Your credit history plays an important role in almost all things financial. It’s either a propellor or an anchor that affects not only your rates and costs but your ability to buy things, including your homeowners insurance.
Chances are your credit score has already affected your home’s mortgage rate. The same likely goes for homeowners insurance. Insurance companies often check your credit information to set the rate. This analysis results in your credit-based insurance (CBI) score, which is similar to a FICO credit score.
This CBI score is calculated differently depending on the insurer. It can vary greatly by state, either affecting your rate minimally, not at all or more than 30%.
A few states don't allow insurers to use consumer credit information to determine a rate or premium:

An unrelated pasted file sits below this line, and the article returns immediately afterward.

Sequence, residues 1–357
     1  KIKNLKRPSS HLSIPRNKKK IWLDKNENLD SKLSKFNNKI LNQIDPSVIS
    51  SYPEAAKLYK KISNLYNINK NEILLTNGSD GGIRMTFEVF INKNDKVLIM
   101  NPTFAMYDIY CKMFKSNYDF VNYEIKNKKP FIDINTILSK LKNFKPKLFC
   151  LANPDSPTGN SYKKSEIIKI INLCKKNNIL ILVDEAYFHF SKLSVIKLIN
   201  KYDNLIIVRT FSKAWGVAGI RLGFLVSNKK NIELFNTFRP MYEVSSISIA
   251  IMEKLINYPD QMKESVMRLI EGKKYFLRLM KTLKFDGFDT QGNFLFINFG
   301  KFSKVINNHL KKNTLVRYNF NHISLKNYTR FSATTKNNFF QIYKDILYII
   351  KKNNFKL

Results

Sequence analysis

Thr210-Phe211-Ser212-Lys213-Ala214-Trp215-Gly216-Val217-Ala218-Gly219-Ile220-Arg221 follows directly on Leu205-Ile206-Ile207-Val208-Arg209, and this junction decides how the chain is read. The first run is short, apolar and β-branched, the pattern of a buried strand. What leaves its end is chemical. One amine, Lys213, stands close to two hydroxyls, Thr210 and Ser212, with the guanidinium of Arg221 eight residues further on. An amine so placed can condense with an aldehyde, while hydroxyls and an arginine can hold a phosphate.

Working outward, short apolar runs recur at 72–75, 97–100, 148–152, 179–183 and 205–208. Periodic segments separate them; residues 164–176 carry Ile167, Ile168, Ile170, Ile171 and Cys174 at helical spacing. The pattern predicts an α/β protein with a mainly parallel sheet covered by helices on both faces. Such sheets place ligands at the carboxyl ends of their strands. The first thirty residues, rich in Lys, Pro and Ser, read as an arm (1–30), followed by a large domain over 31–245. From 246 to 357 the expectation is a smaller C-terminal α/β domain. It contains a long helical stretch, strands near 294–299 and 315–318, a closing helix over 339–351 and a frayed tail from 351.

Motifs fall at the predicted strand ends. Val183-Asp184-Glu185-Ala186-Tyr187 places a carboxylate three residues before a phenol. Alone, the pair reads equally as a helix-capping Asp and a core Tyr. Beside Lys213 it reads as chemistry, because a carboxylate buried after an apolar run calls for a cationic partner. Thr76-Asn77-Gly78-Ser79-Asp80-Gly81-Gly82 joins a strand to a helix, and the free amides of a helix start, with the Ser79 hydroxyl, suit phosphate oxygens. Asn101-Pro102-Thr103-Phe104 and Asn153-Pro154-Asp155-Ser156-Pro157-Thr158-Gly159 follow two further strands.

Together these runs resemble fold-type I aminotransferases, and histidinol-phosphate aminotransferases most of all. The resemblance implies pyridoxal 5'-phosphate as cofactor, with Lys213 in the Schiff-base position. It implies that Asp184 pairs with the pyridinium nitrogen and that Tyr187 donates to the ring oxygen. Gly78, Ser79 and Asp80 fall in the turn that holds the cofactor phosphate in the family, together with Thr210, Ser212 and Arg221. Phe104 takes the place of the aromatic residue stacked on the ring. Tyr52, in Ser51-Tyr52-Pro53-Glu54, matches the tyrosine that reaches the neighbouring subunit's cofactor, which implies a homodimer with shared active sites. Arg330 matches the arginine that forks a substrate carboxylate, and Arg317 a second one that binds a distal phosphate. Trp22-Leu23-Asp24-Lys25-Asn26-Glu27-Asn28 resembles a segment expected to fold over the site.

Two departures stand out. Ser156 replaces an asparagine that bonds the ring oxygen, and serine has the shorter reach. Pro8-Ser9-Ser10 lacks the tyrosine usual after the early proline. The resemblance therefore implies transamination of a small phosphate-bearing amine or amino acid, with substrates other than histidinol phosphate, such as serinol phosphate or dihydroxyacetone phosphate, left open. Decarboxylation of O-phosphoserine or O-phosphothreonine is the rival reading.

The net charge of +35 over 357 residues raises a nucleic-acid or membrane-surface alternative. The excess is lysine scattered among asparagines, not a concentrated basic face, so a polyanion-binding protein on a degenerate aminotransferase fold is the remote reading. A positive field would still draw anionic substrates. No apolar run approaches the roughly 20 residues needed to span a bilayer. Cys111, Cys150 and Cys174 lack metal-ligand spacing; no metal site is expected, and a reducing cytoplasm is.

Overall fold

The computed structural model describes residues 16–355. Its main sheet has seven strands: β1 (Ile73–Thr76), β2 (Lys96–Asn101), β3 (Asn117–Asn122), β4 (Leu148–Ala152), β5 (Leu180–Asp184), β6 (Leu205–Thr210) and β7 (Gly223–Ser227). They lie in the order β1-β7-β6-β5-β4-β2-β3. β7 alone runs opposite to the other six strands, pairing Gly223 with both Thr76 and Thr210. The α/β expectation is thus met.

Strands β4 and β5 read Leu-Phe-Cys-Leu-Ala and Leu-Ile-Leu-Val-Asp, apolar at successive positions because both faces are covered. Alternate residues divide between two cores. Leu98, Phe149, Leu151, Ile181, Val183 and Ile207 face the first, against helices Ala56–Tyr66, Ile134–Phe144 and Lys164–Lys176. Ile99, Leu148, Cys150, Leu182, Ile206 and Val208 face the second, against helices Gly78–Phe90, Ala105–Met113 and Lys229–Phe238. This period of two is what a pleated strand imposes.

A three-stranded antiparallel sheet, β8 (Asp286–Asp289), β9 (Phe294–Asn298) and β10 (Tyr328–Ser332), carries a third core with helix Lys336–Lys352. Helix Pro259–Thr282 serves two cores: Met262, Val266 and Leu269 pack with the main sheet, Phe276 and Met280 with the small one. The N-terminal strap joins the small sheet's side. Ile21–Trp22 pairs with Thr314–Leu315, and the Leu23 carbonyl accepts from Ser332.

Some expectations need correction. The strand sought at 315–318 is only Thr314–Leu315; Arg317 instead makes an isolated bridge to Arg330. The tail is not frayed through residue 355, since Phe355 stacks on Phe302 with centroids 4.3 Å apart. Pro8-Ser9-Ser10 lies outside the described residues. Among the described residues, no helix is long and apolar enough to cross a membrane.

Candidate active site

- California, Massachusetts and Hawaii don’t allow this for auto insurance.
- Maryland and Hawaii don’t allow it for homeowners insurance.
In other states, insurers must alert you when your credit history affects your home insurance. For instance, the Fair Credit Reporting Act (FCRA) Adverse Action Notification "requires any user of a credit report to notify the consumer if the use of that report resulted in an adverse action, which, in the case of insurance, would be a denial of coverage or a higher premium than a consumer with an average insurance credit score."
Loretta Worters, vice president of media relations for the Insurance Information Institute (III), said every insurer weight credit differently.
"Just as insurance scores help insurance companies assess and price risks, so too can these scores help insurance customers -- particularly if they are considered good risks. Depending on the company and state, roughly 50% of policyholders can pay lower premiums because of good credit,” Worters said.